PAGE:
Incentives and disincentives to have a commons-based data integration solution
The advantage of building your own point solution is that you have complete control over that particular data integration challenge. This will be the correct solution for some kinds of interest – those with more interest in controlling and owning data as a business model, for example. So a Data Commons solution is not for everyone.
For people and organisations who want data to deliver value (rather than owning it to generate a dividend by on-selling it), and who want to enable the benefits of reuse, the advantages of doing this via the commons protocol are several:
They will be able to illustrate to the people they want to sign up that they are building their special project in a high-trust way which gives a lot of control back to the signee.
Once there is data already on the Data Commons, it becomes very easy and low-cost to add some extra data and integrate your solution with the existing data on the commons. So this is a low-cost and efficient platform for your particular use of integrated data. Leveraging off the market rather than building a bespoke solution will be cheaper and more scalable.
There will be a real market of participants needing high-trust solutions whom you can do business with, and who value a commons-based approach to forming a data sharing relationship with you. They can trust that people won’t on-sell or misuse their science data or personal data.
Your solution won’t be fragmented: if Samsung stays off the commons, its heartbeat sensor will never be more than just a toy. But if a New Zealand entrepreneur’s heartbeat sensor is hooked into the commons, it can be joined with people’s medical records and what they eat from their supermarket shopping basket and directly shared with their general practitioner to become a complete personal health solution. The heartbeat sensor that can integrate data using the commons protocols moves from toy to service enabler. These kinds of “economies of scope” mean that you’ll be able to design better services for your customers through the high-trust use of their integrated data rather than staying fragmented and in control of siloed data that is of lower value to everybody.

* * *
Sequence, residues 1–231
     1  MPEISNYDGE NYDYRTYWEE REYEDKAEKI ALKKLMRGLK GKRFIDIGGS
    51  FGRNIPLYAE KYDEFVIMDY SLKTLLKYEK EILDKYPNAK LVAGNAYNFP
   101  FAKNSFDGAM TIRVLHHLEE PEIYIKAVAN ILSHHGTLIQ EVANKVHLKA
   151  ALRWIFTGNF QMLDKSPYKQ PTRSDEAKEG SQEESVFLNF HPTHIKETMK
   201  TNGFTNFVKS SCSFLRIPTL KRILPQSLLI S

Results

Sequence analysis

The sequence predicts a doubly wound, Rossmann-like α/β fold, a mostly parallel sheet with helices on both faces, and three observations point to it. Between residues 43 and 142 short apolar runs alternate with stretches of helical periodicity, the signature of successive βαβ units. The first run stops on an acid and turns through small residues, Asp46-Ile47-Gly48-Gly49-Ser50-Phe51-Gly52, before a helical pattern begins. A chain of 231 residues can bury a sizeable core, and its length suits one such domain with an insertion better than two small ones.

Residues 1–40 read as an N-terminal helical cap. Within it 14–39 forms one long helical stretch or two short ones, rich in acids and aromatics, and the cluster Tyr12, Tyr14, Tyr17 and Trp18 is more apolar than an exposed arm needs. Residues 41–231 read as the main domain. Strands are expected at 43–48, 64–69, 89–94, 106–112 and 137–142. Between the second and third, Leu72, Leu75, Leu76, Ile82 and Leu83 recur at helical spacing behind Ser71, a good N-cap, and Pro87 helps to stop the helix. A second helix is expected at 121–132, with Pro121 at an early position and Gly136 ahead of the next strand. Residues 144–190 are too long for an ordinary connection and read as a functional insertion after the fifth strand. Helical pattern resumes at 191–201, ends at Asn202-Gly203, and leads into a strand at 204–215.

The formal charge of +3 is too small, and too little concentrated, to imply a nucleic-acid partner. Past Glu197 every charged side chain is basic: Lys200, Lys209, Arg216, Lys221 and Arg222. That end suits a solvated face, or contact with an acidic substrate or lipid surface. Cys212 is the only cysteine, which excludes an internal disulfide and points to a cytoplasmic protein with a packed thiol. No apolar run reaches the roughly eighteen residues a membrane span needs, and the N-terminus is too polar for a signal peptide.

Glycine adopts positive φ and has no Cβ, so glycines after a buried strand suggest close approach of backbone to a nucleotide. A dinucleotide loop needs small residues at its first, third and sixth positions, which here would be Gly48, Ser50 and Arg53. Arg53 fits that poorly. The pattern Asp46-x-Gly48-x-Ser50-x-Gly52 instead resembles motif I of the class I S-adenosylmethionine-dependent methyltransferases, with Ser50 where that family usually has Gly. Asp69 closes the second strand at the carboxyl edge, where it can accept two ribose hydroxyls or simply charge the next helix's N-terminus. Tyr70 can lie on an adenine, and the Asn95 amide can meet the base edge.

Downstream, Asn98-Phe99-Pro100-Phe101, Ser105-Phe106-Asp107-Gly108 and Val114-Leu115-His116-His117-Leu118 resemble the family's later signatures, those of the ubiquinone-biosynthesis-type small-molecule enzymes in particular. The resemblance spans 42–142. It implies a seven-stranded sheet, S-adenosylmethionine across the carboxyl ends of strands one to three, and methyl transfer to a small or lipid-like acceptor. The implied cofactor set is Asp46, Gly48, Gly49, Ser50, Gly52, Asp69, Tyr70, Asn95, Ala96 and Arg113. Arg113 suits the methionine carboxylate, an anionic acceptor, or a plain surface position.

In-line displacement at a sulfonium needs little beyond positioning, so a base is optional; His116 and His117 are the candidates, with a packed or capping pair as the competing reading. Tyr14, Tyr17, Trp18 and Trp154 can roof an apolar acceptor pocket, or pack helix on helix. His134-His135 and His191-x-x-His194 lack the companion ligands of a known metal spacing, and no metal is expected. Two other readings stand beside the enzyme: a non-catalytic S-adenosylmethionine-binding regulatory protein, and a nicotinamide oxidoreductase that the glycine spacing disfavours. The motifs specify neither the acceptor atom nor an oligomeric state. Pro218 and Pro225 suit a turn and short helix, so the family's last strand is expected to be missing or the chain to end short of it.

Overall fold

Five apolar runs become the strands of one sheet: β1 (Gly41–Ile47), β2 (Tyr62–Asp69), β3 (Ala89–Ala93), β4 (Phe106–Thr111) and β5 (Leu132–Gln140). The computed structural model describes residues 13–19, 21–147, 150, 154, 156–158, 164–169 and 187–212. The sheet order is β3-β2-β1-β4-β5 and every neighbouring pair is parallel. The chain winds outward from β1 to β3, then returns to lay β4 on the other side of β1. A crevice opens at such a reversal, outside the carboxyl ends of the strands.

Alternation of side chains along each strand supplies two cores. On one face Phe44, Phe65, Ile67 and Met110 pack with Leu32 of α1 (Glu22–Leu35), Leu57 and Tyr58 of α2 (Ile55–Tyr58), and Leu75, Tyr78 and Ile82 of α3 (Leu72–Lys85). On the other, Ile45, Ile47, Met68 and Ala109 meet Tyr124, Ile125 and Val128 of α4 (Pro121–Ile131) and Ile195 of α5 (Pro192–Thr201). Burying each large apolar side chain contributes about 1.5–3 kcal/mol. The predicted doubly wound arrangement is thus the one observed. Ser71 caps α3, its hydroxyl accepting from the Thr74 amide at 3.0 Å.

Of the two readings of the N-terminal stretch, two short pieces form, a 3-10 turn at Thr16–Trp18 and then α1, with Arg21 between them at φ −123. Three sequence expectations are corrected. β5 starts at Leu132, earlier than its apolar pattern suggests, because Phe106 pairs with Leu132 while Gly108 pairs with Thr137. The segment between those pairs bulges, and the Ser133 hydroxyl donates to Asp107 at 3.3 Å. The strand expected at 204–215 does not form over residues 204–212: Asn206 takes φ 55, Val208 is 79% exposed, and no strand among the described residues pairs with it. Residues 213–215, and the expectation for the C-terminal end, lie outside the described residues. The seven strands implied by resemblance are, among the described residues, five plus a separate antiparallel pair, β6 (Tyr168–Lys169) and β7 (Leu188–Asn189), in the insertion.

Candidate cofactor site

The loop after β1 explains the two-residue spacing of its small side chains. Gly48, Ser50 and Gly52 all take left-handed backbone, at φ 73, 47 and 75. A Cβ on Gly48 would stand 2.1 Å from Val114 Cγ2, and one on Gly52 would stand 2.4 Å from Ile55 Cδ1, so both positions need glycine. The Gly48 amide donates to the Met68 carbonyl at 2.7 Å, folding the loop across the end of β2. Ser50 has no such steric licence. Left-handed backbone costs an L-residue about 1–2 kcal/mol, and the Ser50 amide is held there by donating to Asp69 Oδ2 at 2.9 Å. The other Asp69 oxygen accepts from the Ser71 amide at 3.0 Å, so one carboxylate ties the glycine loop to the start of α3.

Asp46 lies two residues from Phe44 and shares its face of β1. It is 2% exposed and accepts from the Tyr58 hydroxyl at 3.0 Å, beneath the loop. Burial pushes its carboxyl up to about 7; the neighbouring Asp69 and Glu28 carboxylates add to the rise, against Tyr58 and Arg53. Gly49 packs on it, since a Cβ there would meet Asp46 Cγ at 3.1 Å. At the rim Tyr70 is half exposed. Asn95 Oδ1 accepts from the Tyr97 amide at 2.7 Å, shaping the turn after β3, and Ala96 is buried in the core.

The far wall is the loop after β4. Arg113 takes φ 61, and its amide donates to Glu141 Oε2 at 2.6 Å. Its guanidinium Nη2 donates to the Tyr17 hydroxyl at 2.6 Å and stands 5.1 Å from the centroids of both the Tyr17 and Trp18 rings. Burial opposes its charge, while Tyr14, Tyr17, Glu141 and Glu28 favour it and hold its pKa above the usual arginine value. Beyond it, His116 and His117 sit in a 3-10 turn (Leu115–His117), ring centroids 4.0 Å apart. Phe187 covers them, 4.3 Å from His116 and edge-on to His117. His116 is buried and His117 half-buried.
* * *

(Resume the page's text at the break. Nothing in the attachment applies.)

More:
Growth of value with scope is non-linear: as the network builds in more kinds of data and a larger number of data providers and users, the commons becomes exponentially more valuable for its members as the innovative uses of more data integration grow geometrically as well.
In short, we think that the availability of a commons-based approach will generate increased value for the community as it grows and will likely put pressure on siloed “ownership” interests to integrate their data for fear of being able to provide only a poor service by comparison. For the individual entrepreneur who is trying to do some social good, manage socialinvestment, or build a commercial service, the benefits of using a commons-based approach will far outweigh any value obtained from a point solution.
The Data Commons enables a competition in ideas and innovation to drive value, not extraction of value from ownership. It’s a very different beast to what is now possible. This is why people don’t go off and design their own Internet protocol. The value of the network is in everyone else who is on it. We wait patiently for an update to the protocol as the community of common interest refines it. Then there is mutual value in hopping on board to drive the value we seek.